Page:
I use storytelling to not only celebrate personal success, but more importantly to celebrate the success of others. If you believe in the idea that everyone contributes to the marketing mentality of the firm, show this by communicating stories of success.
How do you get non-marketing staff or technical staff involved in and excited about supporting marketing efforts?
First, you must provide training and mentorship. How can you ask someone to support marketing initiatives if they’ve not successfully been given the tools or training to do so? We emphasis and provide many different training opportunities that are both technical and non-technical in nature. Most recently, we invested in a multi-day workshop focusing on emotional intelligence training, which was facilitated by an external trainer. Dibble also provides many internal trainings on topics such as proposal process, business development panels, networking, proposal writing, client panels, interview training, etc.
At Dibble, involving non-marketing staff in marketing initiatives is often part of their career ladder. Through annual goal-setting, formal mentoring programs, or through succession planning, we can identify individuals who seek to grow their careers and thus become involved in marketing initiatives. There is no one-size-fits-all, as it’s customized based on the individual. By applying a specific approach, we can work side by side in supporting, coaching, and providing the tools for execution.
What are three tips you give your marketing coordinators to help them progress and evolve in their role?
- Find a mentor(s), like an industry icon or someone who excels in marketing, and partner up with them. Have them become your cheerleader and help you work through your goals. Use their expertise to help you navigate the bumps along your career path—both internally and externally.
- Be confident in your skillset. The evolution of marketing is very exciting, and instead of marketing being viewed as supplemental resource in our industry, we’re seeing it rise as a true profession. Continue your training, as our skills are never completely mastered and you can always improve.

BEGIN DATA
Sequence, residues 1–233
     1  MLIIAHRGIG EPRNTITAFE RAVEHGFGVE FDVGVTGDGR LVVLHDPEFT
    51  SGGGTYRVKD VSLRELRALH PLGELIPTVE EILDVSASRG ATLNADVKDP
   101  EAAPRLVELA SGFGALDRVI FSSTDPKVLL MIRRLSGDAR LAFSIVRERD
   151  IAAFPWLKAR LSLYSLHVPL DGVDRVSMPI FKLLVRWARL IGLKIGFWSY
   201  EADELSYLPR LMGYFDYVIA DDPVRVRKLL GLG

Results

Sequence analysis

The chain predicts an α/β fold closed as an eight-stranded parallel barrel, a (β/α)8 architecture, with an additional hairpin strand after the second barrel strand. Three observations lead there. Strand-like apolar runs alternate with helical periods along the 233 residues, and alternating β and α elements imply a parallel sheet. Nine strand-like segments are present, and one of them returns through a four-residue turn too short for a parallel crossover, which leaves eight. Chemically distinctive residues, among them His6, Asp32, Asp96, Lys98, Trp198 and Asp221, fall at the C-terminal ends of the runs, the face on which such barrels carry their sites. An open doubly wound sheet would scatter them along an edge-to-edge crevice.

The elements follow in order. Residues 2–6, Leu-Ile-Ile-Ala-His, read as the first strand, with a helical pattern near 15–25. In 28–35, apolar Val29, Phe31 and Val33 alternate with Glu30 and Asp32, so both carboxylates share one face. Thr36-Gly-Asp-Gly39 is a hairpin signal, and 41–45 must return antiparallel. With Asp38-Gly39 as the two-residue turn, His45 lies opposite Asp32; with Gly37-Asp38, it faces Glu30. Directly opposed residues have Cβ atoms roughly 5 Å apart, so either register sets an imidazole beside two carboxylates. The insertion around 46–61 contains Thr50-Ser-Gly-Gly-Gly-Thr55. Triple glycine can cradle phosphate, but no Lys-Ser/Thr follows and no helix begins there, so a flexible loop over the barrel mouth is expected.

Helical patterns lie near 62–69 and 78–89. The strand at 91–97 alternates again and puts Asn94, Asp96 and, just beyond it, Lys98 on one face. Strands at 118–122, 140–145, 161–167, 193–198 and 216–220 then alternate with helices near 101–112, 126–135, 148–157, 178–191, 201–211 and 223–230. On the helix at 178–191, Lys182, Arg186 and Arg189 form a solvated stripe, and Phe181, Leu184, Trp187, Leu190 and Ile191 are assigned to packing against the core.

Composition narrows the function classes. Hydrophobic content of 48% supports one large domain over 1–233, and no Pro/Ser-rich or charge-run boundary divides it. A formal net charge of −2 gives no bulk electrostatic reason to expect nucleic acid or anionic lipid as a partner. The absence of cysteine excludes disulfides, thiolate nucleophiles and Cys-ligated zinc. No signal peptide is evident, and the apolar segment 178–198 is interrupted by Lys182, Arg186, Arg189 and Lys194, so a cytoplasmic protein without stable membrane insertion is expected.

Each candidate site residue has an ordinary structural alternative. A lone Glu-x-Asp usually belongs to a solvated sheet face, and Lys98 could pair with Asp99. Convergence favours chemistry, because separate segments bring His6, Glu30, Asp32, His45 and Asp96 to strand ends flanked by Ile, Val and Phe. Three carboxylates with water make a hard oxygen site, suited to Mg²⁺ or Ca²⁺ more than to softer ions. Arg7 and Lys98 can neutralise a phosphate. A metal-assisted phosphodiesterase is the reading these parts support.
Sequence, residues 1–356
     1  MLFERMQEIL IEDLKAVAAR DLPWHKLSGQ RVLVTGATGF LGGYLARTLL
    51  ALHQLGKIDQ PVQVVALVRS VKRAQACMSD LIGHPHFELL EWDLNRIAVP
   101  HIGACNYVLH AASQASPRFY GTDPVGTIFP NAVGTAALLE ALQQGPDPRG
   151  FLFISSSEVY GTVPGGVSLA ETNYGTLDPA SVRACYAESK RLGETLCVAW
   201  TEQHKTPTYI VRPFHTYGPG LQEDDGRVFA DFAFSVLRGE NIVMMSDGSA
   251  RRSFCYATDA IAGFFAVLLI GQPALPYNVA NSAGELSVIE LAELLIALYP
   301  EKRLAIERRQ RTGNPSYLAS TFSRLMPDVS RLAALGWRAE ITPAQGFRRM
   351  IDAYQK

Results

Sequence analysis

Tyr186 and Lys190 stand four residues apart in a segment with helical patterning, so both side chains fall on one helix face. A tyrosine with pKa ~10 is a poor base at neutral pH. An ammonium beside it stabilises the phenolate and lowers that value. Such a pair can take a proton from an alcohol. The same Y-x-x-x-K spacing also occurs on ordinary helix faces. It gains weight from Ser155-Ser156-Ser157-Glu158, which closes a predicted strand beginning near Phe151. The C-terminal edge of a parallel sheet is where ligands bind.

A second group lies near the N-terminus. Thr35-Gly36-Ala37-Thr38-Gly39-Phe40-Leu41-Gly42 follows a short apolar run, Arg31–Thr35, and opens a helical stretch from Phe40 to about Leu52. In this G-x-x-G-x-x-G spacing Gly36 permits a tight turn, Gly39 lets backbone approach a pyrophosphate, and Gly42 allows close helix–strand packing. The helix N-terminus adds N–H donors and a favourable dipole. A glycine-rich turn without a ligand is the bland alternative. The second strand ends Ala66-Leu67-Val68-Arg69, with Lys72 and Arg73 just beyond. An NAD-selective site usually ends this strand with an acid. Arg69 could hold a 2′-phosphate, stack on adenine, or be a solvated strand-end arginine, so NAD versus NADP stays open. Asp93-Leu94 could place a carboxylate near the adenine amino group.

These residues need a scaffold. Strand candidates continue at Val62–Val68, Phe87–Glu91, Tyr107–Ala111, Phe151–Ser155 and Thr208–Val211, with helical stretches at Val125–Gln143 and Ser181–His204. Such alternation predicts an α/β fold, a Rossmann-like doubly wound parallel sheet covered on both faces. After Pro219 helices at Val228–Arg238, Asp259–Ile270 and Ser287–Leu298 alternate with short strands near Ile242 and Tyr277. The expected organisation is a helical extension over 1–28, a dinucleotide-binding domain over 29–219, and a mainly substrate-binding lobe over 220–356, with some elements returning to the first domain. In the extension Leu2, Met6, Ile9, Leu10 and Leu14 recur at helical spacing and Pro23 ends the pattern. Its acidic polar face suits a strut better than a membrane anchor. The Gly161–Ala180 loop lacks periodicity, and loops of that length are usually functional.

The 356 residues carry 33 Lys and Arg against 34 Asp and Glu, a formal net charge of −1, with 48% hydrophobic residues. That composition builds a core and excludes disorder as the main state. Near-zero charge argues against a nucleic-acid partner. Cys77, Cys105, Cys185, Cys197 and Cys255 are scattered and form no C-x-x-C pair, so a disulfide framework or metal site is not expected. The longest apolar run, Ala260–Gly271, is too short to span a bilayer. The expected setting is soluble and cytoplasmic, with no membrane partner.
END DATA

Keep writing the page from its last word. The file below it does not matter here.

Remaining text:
- Get involved professionally in organizations. My best on-the-job learning has come from personal involvement in organizations as an active and engaged member. You get out what you put in, so volunteer for committee, chair, or board-level positions.
Are there any books you’ve read or other media that you would recommend regarding marketing mentality?
One book that has stuck out is called The Leadership Pipeline.The theory behind the book is focusing on growing leaders within your organization. It discusses in detail how you should seek to find your replacement so that they can assume your role and you can elevate to the next level. The more you invest in people, the more you can grow and do greater things while growing future leaders.
What are the biggest hurdles your team/office/firm faces related to marketing/BD?
The general challenge within marketing and business development is that it's easy to be consumed with what is right in front of you … daily, weekly, monthly deadlines! The hard part is finding the time to look up and outward toward the objectives set up in our long-range strategic plans. Keeping that longer-term vision in mind daily is often hard to do when you are bogged down with items at a task level.